A retired four-star general is President Donald Trump's pick to be U.S. ambassador to Saudi Arabia, filling a key diplomatic vacancy at a time when U.S.-Saudi relations are being tested by the slaying of a journalist critical of the Saudi royal family.
Trump announced Tuesday that he is nominating John Abizaid, the longest-serving commander of the U.S. Central Command, to lead the U.S. Embassy in Riyadh. It's a post that has been empty since former ambassador Joseph Westphal left in January 2017.
If confirmed by the Senate, Abizaid would become ambassador as the Trump administration is weighing the U.S. response to the killing of Washington Post contributor Jamal Khashoggi at the Saudi Consulate in Istanbul.
Turkish officials claim Khashoggi was killed by a 15-member assassination squad sent from Riyadh on orders from the highest levels of the Saudi government.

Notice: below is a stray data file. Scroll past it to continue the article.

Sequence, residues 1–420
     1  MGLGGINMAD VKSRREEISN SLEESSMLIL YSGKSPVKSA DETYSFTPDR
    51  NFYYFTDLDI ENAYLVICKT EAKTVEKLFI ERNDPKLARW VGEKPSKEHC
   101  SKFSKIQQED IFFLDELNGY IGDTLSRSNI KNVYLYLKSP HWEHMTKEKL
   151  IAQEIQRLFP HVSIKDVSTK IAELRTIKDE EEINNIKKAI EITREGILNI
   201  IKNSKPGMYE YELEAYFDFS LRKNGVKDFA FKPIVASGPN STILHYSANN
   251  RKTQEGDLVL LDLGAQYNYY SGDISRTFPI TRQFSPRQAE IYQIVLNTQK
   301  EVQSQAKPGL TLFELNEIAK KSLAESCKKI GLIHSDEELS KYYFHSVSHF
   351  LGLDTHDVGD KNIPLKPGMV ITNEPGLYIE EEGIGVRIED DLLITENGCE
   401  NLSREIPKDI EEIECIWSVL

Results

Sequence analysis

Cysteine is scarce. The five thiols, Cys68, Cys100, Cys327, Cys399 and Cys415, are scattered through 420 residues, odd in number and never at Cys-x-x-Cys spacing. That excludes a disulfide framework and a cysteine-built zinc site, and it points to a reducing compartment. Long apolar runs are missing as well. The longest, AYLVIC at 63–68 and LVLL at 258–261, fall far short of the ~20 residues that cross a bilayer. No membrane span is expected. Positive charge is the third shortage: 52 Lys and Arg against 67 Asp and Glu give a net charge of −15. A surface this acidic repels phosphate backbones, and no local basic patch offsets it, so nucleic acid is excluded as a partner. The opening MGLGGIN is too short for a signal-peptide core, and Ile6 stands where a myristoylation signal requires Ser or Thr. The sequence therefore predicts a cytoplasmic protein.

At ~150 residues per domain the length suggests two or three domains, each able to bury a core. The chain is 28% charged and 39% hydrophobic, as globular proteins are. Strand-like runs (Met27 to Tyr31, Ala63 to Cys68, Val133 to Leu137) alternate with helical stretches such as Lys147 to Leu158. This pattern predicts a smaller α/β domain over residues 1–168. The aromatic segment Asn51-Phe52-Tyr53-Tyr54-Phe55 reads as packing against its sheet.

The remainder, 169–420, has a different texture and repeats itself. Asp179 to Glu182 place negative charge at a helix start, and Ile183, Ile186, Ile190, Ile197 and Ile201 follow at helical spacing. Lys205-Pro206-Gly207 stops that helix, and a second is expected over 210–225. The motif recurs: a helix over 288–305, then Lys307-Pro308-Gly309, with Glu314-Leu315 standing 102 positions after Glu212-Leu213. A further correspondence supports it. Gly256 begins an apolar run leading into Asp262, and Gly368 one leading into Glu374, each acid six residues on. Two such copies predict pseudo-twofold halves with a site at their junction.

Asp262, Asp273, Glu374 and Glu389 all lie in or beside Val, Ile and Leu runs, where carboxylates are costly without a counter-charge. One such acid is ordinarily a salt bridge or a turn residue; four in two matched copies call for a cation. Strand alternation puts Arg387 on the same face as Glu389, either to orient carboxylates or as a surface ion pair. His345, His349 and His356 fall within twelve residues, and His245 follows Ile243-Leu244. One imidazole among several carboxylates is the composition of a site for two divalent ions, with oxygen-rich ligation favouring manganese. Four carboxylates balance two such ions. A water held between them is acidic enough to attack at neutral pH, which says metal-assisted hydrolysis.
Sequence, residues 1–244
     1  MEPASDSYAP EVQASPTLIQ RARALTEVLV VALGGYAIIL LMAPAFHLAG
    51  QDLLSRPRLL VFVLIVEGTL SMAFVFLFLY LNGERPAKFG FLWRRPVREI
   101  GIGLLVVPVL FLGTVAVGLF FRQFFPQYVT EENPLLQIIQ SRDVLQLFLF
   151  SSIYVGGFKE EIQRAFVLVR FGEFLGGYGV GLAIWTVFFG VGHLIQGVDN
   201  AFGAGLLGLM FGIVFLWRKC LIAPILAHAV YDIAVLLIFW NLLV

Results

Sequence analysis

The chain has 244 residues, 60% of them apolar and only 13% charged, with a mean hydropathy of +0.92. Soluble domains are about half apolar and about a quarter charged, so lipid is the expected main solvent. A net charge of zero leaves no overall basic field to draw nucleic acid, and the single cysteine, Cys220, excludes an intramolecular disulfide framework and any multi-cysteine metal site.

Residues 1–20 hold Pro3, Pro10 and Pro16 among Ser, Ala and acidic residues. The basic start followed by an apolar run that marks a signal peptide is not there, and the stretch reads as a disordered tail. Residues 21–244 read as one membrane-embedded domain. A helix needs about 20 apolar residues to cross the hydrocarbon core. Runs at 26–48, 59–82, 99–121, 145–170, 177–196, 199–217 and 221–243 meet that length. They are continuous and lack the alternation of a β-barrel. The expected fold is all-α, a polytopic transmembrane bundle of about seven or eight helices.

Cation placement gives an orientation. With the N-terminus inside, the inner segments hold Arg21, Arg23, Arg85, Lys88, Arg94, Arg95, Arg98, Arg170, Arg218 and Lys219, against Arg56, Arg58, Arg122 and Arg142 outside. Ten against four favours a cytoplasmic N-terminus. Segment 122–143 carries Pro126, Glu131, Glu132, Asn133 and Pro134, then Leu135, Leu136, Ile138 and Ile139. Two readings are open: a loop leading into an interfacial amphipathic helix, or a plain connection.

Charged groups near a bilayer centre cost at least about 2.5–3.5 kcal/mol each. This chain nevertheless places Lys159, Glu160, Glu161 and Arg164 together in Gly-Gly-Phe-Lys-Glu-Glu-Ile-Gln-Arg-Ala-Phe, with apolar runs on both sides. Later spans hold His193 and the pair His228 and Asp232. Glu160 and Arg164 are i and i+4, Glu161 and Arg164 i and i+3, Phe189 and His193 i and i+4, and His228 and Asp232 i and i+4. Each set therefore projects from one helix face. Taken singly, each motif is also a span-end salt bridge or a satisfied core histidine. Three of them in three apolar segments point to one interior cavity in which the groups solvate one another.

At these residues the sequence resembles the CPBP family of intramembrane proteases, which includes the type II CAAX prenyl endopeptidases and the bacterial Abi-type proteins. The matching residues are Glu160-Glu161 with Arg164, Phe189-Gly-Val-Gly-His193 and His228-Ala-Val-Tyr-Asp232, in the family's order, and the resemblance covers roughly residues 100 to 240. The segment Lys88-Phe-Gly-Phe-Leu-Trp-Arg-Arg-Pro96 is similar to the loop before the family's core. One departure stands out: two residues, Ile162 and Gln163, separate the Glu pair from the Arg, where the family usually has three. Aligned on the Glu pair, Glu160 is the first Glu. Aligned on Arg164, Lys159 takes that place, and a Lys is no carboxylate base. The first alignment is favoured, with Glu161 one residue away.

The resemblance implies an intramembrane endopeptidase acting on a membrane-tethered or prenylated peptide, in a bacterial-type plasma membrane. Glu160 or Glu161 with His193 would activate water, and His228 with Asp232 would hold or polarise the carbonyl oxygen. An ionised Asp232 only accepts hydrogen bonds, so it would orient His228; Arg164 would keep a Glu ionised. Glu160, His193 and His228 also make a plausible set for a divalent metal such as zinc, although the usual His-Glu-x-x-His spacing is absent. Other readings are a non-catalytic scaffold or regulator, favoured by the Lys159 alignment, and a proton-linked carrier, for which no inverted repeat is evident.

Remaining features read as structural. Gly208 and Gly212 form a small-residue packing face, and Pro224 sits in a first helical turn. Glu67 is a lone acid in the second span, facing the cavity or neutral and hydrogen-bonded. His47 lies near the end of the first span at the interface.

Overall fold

Secretary of State Mike Pompeo has revoked the visas of the Saudis implicated in the killing. Defense Secretary Jim Mattis has said additional measures will be taken.
Abizaid, who retired in 2007, served in wars in Grenada, the Persian Gulf, Bosnia, Kosovo, Afghanistan and Iraq. Following the war in Iraq, Abizaid assumed control of CENTCOM, which oversees military operations in 20 nations stretching from northeast Africa to the Middle East to Central and South Asia.
Abizaid, of Nevada, currently works as a private consultant and is a visiting fellow at the Hoover Institution at Stanford University. Previously, he was the distinguished chair of the Combating Terrorism Center at the U.S. Military Academy at West Point. He also served in various senior positions on the Joint Chiefs of Staff.